When Mike Petrushkin, owner of Fixture Logic (formerly WC Cabinets), purchased new CNC equipment to meet the growing demands of his clients, he soon learned that it was not enough. Although he reduced manpower in the Eugene, Oregon, plant with the new machines, the labor needs shifted to the engineering department where staff struggled to keep up with design requirements of new projects.

"We had extremely sophisticated equipment and we were running it with a rock and a chisel," he says.

Software that could do the design and integrate all the elements of manufacturing was the answer. He says that implementing the right software has made "a night and day difference in what we can provide for the client. Providing the client with exactly what they asked for on the date that they wanted it is what built this company." Petrushkin says it became tougher and tougher for the company to do that, until it made the recent changes.

In 1993 when Petrushkin started WC Cabinets, he saw the venture as a temporary fix to the immediate need for the construction casework needed by his construction company. Starting in a neighbor's garage with simple tools, his efforts grew to an enterprise that builds sophisticated commercial casework and fixtures using the latest technology. Recently the company changed its name to Fixture Logic to better reflect the scope of its abilities and the changes it has made to meet the needs of its growing clientele.

The change really began for the company when it moved to a 60,000-square-foot plant in January 1999. Although it began as a leasing agreement, when the building became available for sale a short time into the move, Petrushkin decided to take the plunge and buy the building.

"Buying the building changed everything," says Bob Lloyd, vice president of operations. "We had this potential that was unrealized."

With all the space they now had, the decision was made to go after some bigger jobs.

With the successful bid for a large job, the company suddenly had a lot of parts to cut with only a couple of table saws, a vertical panel saw and small moulder/edgebander to do the job, says Lloyd. In March 1999 a Holzma Optimat HP-81 CAD with Cadmatic controller was purchased to facilitate the cutting of the job. When he had an entire building filled with men with hand drills drilling holes to put these panels together Lloyd realized that the automation process wasn't complete. So in June 1999 a Weeke BP-120 point-to-point machine was purchased.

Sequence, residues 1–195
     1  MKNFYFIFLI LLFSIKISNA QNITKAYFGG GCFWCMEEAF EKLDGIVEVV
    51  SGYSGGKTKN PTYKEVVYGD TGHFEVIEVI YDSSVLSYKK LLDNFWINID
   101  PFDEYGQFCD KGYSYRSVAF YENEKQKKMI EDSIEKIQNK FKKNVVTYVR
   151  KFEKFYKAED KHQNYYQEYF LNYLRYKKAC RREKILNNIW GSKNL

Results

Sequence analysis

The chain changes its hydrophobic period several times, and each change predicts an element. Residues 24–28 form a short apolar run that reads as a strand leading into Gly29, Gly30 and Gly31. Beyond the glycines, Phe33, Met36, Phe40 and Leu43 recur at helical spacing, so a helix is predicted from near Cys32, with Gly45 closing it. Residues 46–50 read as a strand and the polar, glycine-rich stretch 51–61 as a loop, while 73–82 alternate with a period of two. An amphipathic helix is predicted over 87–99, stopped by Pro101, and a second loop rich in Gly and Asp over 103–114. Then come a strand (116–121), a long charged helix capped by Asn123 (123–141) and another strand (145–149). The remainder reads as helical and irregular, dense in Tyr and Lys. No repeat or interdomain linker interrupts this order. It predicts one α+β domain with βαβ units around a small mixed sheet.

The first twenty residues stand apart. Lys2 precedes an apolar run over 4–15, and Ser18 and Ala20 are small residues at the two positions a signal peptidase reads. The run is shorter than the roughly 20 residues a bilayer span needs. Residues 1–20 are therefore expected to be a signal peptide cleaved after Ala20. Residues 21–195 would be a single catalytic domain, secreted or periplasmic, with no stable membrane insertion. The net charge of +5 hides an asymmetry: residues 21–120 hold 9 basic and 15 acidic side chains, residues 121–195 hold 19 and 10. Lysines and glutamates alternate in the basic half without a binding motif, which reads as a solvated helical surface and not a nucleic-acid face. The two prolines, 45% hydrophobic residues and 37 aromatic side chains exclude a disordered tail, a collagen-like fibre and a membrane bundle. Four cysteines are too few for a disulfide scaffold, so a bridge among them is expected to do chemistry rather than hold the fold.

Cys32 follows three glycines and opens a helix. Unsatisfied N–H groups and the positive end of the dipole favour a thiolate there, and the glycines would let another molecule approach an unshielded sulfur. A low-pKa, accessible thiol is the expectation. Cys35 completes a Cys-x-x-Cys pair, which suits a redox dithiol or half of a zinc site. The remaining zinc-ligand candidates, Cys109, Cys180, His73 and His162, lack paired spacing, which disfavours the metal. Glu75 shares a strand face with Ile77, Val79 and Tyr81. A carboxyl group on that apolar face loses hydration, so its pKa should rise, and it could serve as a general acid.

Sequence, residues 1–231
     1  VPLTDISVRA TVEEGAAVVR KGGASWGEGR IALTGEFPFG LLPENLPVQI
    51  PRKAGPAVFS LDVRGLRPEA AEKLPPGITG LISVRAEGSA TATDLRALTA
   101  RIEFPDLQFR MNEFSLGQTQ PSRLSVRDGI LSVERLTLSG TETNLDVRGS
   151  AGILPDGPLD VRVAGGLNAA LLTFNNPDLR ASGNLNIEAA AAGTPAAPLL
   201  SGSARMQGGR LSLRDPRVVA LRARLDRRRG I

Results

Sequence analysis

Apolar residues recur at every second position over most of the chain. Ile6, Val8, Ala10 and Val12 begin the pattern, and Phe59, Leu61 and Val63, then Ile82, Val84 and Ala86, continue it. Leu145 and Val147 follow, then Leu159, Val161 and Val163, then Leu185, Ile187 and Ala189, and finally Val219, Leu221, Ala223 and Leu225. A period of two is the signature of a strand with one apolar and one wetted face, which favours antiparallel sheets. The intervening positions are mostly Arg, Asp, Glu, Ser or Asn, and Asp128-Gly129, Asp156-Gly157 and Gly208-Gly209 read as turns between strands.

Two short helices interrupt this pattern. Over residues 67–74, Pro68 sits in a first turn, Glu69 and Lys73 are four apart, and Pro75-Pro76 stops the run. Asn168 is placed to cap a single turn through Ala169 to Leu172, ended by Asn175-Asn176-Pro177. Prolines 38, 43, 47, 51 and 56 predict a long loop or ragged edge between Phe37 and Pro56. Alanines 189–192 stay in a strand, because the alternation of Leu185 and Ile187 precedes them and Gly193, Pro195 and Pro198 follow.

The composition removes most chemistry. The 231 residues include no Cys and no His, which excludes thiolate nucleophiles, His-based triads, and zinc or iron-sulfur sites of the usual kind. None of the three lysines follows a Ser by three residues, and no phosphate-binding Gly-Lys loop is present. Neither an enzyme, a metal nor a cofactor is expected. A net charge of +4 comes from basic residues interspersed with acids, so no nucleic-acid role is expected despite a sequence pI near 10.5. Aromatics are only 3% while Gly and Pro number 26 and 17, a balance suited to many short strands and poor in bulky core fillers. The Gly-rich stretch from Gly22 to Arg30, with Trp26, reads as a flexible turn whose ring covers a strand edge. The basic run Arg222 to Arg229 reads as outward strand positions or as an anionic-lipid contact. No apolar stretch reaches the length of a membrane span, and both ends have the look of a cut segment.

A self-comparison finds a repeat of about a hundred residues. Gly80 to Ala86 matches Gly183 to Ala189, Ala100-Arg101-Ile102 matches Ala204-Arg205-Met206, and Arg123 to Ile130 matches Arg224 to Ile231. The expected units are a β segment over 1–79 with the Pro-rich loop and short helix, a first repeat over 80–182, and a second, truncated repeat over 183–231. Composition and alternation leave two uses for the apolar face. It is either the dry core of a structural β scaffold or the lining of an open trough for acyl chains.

Although the work moved at a faster pace, Lloyd says that the company was soon doing what a lot of companies do - working in multiple software programs to design, generate a cut list, optimize and control the machines. "We were drawing the cabinet door in the CAD program; cutlist the cabinet parts in an Excel spreadsheet; optimizing it in the optimizer; and then redrawing it in Wood Wop to do the machining instructions," says Lloyd. "With that and our normal casework and our bid work, there were more people in the engineering department than there were in the shop on some days." It became apparent to Lloyd that integration was necessary between all the systems to allow the company to continue providing the clients with the products they wanted in a timely manner.

The search for integration software led the company to Microvellum, based in Medford, Oregon. It was the location of the company, the strong technical support offered, their willingness to work with Fixture Logic's hodgepodge collection of software and machines, and the cost of the system, in comparison to others researched, that resulted in its selection.

"What it meant to me in my position is we were able to sit down, draw a cabinet, push a button and generate cutlists, building materials and purchase reports, saw time and managing report, optimization and machining code - all at the same time," says Lloyd. Fixture Logic had also recently purchased a new server, new computers and Windows NT because it didn't want to put any more money into the company's older computers. This and the purchase of AutoCAD 2000 actually caused Microvellum to go back to the drawing board to get its system to work with these upgrades.

A design and engineering integration system is composed of many elements. The Microvellum system uses AutoCAD, developed by Autodesk for CAD design, Microsoft Excel and Access for spreadsheet and database technology, Crystal Reports by Seagate Software for reporting, CADCode Active-X by CADCode Systems for G-code generation and labeling, and Ardis, provided by Eurosoft Inc., for optimization. With these components Microvellum has created a product that reduces the steps between the design of a project and the machining.

"The whole concept is once you have it drawn, it's done. When you're drawing in AutoCAD, you're communicating with our program. The end result is producing a set of shop drawings with all of the information necessary to generate a bill of materials along with the machining information. When you have the drawing and you can visually check it and know it's right, then your parts are right," says Taylor Grimes, vice president of Microvellum.